Tip Sheet

A guide to the biggest vices in Congress

Let our journalists help you make sense of the noise: Subscribe to the Mother Jones Daily newsletter and get a recap of news that matters.

Nailing down every special interest that contributed to the $910.1 million raised for this year’s federal elections would require serious Starr treatment. The biggest givers, however, can’t hide their cash. Here’s what they were after (listed in descending order of how much they gave through June 30):

Telecommunications ($12.6 million) The 1996 Telecommunications Act, ostensibly meant to spur competition among phone and cable companies and pass savings on to consumers, actually hastened mergermania in the phone industry and led to soaring cable rates. Nonetheless, in July, the Senate quashed a proposal to investigate the rate hikes. Especially interested: No. 110, No. 137, No. 202, No. 249.

Oil ($10.8 million) According to the Project on Government Oversight, oil companies owe the U.S. an estimated $2 billion in royalties on oil taken from public land. When the Interior Department tried to collect an additional $66 million by charging more for oil, Sen. Kay Bailey Hutchison (R-Texas) inserted an eleventh-hour provision blocking the change into a spending bill. The provision itself sailed through without a separate vote. Especially interested: No. 215.

Alcohol, Hotels, and Restaurants ($9.8 million) In March, the House considered lowering the legal maximum blood-alcohol content level for drivers from 0.1 percent to 0.08 percent. But the food and beverage industry feared that fewer drinks would mean less profit. No lawmaker wanted to go on record opposing the measure, so the proposal was secretly killed in a House committee without a recorded vote. Especially interested: No. 33, No. 121, No. 179.

Pharmaceuticals ($7.4 million) In November 1997, Congress voted to allow drug manufacturers to promote their products for uses not approved by the Food and Drug Administration, ignoring critics’ concerns about possible health risks. A few months later, Congress forced the FDA to back away from proposing new advertising restrictions on drug companies. Especially interested: No. 6, No. 25, No. 160.

Tobacco ($5.9 million) When lawmakers inserted a last-minute $50 billion tax break for tobacco companies in the 1997 budget bill, public outrage forced them to strip the measure. But tobacco money still carries clout in Congress: The industry won a bigger battle in June when the tobacco settlement died in the Senate. Especially interested: No. 121.

High-Tech ($4.8 million) The newly formed Technology Network PAC has hosted events for more than 100 politicians — and the face-time has paid off. With White House support, Congress passed two top items on TechNet’s legislative agenda: uniform national standards for securities lawsuits (despite complaints from consumer groups that the standards deprive aggrieved investors of valuable protections) and the expansion of a visa program that allows foreign high-tech workers into the United States. Especially interested: No. 40, No. 201.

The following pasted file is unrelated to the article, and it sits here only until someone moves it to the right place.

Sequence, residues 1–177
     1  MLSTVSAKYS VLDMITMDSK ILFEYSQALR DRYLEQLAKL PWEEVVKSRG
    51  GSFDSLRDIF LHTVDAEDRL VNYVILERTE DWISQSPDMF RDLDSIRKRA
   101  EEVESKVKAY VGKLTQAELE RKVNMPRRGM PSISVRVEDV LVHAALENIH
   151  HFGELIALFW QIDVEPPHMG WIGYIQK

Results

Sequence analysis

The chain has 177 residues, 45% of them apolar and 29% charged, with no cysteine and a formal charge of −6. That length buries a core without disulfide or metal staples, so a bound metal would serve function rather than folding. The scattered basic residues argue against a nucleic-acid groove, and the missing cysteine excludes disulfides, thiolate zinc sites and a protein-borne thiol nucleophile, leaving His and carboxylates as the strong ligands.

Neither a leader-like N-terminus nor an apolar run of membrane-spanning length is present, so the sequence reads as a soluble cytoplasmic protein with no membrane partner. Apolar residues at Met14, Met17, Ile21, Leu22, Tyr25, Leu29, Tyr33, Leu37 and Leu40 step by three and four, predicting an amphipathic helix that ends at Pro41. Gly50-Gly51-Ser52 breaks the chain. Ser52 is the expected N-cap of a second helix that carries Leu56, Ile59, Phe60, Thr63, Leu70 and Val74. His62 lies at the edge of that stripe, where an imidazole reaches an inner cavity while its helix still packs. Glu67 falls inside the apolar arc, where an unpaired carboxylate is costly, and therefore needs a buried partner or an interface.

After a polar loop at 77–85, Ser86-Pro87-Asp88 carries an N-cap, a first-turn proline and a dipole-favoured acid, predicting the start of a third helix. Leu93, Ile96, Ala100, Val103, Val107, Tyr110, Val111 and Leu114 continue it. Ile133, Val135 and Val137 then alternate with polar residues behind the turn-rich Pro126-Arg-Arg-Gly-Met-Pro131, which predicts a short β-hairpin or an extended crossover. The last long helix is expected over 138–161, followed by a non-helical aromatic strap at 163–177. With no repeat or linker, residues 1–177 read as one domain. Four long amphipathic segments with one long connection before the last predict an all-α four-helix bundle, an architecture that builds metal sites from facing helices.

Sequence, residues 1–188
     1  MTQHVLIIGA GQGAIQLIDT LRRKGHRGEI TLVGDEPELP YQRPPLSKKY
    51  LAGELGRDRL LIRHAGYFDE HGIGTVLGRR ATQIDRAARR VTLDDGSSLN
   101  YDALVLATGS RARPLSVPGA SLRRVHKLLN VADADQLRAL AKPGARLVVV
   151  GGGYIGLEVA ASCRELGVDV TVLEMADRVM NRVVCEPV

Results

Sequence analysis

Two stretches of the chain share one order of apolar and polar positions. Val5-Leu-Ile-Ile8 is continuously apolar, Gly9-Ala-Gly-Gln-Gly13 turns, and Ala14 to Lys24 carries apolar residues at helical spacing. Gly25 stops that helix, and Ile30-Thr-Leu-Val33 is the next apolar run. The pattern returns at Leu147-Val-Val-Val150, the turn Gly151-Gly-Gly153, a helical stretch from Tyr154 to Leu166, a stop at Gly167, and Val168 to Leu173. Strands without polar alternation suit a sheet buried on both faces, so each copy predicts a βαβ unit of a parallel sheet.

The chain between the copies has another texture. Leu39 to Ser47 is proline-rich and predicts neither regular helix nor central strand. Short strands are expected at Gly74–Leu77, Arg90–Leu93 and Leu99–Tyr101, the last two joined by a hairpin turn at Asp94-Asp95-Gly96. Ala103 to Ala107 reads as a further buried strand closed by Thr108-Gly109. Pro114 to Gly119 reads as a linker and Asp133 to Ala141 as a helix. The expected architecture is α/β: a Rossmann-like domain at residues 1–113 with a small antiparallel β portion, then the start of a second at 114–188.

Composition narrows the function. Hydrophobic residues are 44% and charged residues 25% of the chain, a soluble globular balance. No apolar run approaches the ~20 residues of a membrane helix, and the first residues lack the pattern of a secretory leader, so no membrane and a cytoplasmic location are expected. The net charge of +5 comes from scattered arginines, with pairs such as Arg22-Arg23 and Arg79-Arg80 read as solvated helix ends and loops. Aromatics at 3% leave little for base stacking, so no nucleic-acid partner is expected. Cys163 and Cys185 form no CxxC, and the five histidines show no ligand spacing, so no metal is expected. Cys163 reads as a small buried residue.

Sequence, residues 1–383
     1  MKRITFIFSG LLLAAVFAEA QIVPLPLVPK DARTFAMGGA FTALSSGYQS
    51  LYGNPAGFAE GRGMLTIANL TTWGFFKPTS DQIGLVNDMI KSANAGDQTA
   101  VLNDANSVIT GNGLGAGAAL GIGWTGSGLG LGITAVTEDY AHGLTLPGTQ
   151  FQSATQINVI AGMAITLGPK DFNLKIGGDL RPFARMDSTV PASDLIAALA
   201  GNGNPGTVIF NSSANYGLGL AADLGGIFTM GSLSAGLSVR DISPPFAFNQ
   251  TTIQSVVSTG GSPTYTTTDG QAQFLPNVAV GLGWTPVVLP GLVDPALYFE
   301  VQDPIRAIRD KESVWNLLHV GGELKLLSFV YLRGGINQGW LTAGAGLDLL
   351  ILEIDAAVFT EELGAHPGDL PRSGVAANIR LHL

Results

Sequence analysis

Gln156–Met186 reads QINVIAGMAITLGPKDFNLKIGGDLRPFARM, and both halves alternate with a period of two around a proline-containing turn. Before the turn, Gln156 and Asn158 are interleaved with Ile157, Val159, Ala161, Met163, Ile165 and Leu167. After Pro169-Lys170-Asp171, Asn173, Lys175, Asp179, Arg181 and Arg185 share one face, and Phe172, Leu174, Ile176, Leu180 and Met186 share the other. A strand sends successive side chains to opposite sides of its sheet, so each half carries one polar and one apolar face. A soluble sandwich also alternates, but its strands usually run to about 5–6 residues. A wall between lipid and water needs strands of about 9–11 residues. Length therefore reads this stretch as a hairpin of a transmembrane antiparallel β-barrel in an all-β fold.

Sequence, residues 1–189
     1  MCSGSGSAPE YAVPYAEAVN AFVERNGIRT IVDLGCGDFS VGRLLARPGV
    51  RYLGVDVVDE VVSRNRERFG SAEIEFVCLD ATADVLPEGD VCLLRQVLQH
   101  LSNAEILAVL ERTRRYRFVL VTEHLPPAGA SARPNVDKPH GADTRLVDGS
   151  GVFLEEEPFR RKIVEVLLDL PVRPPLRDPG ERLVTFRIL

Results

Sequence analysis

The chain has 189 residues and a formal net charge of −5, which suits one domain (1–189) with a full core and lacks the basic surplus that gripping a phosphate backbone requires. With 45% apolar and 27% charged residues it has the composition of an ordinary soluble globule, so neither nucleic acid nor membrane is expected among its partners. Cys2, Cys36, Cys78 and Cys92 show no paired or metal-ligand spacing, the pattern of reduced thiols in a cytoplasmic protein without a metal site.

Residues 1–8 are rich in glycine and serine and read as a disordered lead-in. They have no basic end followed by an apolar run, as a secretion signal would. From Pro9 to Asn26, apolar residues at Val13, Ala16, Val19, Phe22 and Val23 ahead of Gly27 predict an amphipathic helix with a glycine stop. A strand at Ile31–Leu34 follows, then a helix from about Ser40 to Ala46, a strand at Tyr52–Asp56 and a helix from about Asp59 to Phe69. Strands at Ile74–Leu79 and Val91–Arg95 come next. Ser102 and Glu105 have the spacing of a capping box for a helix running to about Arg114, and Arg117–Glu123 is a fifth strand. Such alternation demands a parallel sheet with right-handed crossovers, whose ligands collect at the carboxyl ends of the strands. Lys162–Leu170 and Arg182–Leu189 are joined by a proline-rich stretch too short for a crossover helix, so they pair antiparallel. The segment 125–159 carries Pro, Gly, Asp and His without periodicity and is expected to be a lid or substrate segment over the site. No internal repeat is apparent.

Gambling ($3.6 million) The Treasury Department estimates that in 1995 more than 1,500 millionaires deducted gambling losses from their taxes, costing the government $377 million in lost revenues. But when Congress considered killing the gambling deduction, the industry’s friends in Washington came to the rescue. Especially interested: No. 74, No. 108, No. 168.

Credit ($3 million) This year, Congress passed a bill that will force bankrupt consumers to repay some of their debt despite protests from the Consumer Federation of America, which argued that the bill penalizes consumers but places no responsibility on credit card companies for extending credit indiscriminately. (According to the CFA, the portion of households with incomes less than $20,000 that received credit card offers rose to 58 percent in 1996.)

Health Insurance ($2.2 million) In the fall of 1997, Senate Majority Leader Trent Lott (R-Miss.) reportedly made an eloquent appeal to representatives of the health care industry: “Get off your butts; get off your wallets.” Lott was warning them about President Clinton’s soon-to-be-announced patients’ bill of rights, a proposal to give Americans more leverage in health care issues. Money poured into the GOP from managed care companies, and House Republicans rallied around a watered-down version of the bill. At press time, it had stalled in the Senate. Especially interested: No. 98, No. 122.

Jennifer Shecter is a researcher for the nonpartisan Center for Responsive Politics in Washington, D.C.


Headshot of Editor in Chief of Mother Jones, Clara Jeffery

It sure feels that way to me, and here at Mother Jones, we’ve been thinking a lot about what journalism needs to do differently, and how we can have the biggest impact.

We kept coming back to one word: corruption. Democracy and the rule of law being undermined by those with wealth and power for their own gain. So we're launching an ambitious Mother Jones Corruption Project to do deep, time-intensive reporting on systemic corruption, and asking the MoJo community to help crowdfund it.

We aim to hire, build a team, and give them the time and space needed to understand how we got here and how we might get out. We want to dig into the forces and decisions that have allowed massive conflicts of interest, influence peddling, and win-at-all-costs politics to flourish.

It's unlike anything we've done, and we have seed funding to get started, but we're looking to raise $500,000 from readers by July when we'll be making key budgeting decisions—and the more resources we have by then, the deeper we can dig. If our plan sounds good to you, please help kickstart it with a tax-deductible donation today.

Thanks for reading—whether or not you can pitch in today, or ever, I'm glad you're with us.

Signed by Clara Jeffery

Clara Jeffery, Editor-in-Chief

payment methods

We Recommend